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Northern Watch Flies Top Cover for U.S. Envoy in Northern Iraq

By Maj. Bob Thompson
National Guard Bureau

INCIRLIK AIR BASE, TURKEY, March 11, 2003 – What started out as a request for 48 hours of combat air patrols turned into six days of practically nonstop flying as Operation Northern Watch kept skies clear while a U.S. envoy met with Iraqi opposition leaders in northern Iraq.

Click photo for screen-resolution image
An F-15C Eagle tops off its gas tanks during an aerial refueling with a KC-135R Stratotanker during Operation Northern Watch. Both aircraft are part of a coalition task force that has enforced the no-fly zone over northern Iraq and monitored Iraqi compliance with U.N. Security Council resolutions for nearly 12 years. DoD photo.

(Click photo for screen-resolution image);high-resolution image available.

Though not designed for around-the-clock operations, Operation Northern Watch aircraft patrolled Iraqi skies for more than 129 hours while flying 290 sorties between Feb. 24 and March 2.

"This was one of the most challenging missions ever accomplished in the history of Operation Northern Watch," said Brig. Gen. Robin Scott, co-commanding general of the combined task force based here. "Our people proved once again that we have the best pilots, the best aircraft and the best maintainers in the world."

During the long hours of support to the envoy's meeting on dangerous ground, Operation Northern Watch achieved historic "firsts." For the first time, coalition aircraft dropped precision-guided bombs Feb. 24 in response to threats from Iraqi mobile surface-to-surface missile launchers south of Mosul. The operation conducted its first leaflet drop March 1, northeast of Mosul -- the 240,000 flyers warned Iraqi gunners not to target or fire upon coalition aircraft.

"It was truly a team effort," Scott said. "My co-commander, Brig. Gen. (Levent) Turkmen and his staff worked tirelessly, providing the necessary coordination and approvals from myriad Turkish agencies to keep the mission on track. The 39th Wing worked with us day and night to ensure we had all the support we needed to carry out the mission."

Though definitely not a first, coalition aircraft also came under Iraqi anti-aircraft-artillery fire midway through the missions and responded Feb. 27 by knocking out military communication sites west and south of Mosul.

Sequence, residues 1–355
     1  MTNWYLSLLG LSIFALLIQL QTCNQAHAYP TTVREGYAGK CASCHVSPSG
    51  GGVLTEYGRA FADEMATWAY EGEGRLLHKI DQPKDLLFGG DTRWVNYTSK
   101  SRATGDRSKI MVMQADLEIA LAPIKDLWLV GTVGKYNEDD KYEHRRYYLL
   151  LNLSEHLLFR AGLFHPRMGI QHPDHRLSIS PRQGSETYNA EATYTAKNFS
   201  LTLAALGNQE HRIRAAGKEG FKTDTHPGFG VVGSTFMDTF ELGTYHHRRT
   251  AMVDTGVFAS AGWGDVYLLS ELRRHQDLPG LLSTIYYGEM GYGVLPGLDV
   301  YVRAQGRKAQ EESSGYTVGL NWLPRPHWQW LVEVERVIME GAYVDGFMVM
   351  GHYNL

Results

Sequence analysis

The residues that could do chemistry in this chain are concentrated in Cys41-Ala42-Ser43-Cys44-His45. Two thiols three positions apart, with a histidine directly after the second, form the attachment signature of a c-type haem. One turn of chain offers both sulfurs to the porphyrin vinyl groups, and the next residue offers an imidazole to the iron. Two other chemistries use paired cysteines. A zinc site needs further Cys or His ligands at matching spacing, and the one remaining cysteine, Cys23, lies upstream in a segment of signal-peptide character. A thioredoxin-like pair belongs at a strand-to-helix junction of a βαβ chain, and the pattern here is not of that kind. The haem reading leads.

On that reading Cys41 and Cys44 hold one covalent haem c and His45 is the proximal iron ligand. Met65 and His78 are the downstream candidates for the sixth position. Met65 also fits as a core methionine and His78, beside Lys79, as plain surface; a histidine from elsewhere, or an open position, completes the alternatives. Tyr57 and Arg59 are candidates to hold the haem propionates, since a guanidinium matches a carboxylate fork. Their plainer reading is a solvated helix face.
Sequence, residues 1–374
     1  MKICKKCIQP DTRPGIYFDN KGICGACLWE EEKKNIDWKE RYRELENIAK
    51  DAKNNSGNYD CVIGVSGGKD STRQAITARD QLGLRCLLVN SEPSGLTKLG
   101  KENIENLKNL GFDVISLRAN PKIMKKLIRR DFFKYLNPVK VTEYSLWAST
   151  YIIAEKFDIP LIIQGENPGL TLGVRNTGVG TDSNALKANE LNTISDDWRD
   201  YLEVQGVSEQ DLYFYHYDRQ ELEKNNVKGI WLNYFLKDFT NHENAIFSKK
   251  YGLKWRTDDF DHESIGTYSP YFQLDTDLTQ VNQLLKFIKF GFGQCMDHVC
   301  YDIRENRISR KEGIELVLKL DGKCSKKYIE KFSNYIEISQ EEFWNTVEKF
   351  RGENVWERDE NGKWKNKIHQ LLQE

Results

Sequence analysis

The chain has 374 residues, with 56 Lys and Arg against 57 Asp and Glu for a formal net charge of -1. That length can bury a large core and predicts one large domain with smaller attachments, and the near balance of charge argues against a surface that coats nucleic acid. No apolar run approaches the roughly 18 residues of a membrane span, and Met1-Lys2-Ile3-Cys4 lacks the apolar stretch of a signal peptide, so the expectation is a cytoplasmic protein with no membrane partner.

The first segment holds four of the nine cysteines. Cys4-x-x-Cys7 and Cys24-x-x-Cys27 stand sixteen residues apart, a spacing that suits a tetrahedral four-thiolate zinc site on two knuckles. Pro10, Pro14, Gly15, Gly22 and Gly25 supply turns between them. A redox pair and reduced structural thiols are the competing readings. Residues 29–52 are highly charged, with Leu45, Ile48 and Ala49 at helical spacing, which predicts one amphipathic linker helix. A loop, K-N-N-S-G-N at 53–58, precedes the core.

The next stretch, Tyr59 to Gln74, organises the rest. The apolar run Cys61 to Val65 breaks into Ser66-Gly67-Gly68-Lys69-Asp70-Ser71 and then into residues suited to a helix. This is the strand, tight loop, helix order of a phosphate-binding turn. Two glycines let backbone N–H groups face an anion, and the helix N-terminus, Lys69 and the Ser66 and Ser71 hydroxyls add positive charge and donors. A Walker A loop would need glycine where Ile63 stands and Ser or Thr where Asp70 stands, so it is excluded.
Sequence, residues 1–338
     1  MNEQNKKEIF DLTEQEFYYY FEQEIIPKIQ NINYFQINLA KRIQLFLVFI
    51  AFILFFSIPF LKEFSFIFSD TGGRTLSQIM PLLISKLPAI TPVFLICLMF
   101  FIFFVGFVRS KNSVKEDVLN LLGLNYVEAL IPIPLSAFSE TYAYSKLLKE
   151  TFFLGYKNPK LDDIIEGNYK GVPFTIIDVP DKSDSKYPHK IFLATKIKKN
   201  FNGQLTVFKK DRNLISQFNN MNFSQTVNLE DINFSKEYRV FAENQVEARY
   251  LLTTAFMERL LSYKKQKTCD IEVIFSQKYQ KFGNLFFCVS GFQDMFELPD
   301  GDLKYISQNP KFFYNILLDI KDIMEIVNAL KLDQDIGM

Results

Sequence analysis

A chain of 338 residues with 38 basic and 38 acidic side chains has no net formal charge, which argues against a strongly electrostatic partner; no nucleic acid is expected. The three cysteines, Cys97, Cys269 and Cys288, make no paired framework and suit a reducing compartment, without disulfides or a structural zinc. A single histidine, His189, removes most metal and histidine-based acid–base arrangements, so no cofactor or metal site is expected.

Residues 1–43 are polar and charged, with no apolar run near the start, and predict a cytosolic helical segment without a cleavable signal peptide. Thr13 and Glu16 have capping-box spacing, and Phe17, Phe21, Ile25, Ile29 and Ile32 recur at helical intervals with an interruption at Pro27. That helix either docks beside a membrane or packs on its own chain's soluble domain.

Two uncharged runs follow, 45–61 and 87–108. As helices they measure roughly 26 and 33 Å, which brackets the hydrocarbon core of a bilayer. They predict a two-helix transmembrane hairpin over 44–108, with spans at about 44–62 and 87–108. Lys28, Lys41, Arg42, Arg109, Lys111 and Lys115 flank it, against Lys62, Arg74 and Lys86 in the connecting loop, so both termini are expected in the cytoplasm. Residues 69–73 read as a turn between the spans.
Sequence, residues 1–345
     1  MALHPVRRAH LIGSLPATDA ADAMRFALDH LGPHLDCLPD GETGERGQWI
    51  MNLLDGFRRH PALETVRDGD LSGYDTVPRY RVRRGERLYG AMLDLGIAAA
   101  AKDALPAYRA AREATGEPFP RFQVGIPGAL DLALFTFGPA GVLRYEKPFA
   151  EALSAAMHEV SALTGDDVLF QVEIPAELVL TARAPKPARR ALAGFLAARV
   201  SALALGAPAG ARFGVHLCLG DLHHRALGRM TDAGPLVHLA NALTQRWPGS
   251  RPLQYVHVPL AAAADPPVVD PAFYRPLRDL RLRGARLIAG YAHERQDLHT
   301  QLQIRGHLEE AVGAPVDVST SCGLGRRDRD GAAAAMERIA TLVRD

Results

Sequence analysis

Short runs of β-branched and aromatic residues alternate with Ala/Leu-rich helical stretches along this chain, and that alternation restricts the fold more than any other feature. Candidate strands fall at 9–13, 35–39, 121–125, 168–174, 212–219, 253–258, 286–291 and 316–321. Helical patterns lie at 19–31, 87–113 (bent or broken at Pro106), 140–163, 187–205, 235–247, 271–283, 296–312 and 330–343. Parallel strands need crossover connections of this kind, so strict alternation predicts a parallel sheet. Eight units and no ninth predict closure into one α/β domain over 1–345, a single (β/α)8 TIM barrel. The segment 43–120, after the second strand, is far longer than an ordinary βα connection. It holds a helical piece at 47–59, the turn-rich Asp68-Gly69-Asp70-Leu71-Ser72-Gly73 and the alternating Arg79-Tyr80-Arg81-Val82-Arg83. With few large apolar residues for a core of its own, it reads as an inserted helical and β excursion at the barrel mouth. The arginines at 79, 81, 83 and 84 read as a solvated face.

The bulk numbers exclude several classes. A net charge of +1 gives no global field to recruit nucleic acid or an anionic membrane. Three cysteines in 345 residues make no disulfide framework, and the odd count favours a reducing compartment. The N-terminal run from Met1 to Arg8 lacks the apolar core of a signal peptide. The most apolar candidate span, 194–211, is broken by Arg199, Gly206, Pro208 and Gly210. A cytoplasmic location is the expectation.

Since the end of Operation Desert Storm in 1991, coalition forces have enforced the Northern No-fly Zone despite being fired upon by the Iraqis nearly every mission.

"Our day-to-day Operation Northern Watch mission is difficult and dangerous even under normal circumstances," Scott said. "Last week, despite long hours, marginal weather conditions and nighttime operations, our team stayed at the top of their game and made it look easy."

To keep up with the heavy demand for air refueling, Operation Enduring Freedom tankers and aircrews were quickly drafted to support the missions over northern Iraq.

"During the six days of the operation, our tanker team offloaded 5.6 million pounds during in-flight refueling," Scott said. "Without these crucial assets, we would have never maintained our 24/7 operations over Iraq."

During the mission, coalition fighters, tankers, intelligence, surveillance and reconnaissance assets worked as a team to enforce the no-fly zone and provide air cover. Missions required a mix of aircraft and on any given day have included the E-3B Sentry AWACS, EA-6B Prowler, EP-3 Aries II, F-15C Eagle, F-16CJ and F-16CG Falcons, UH-60 Black Hawk helicopter, MC-130 Combat Talon, KC-135R Stratotanker, C-12 Huron, British GR-3 Jaguar, Nimrod and VC-10 Tankers.

AWACS crews of the 970th Expeditionary Airborne Air Control Squadron from Tinker Air Force Base, Okla., flew 14 sorties and 173 hours without a single air or ground abort.

Operation Northern Watch personnel received thanks and congratulations from Gen. Charles Wald, deputy commander of U.S. European Command; Gen. Gregory Martin, commander of U.S. Air Forces in Europe; and Brig. Gen. Gary Jones, commander of the Special Operations Component, EUCOM, Scott noted.

(Maj. Bob Thompson is the director of the Combined Information Bureau, Combined Task Force Operation Northern Watch, at Incirlik Air Base, Turkey.)


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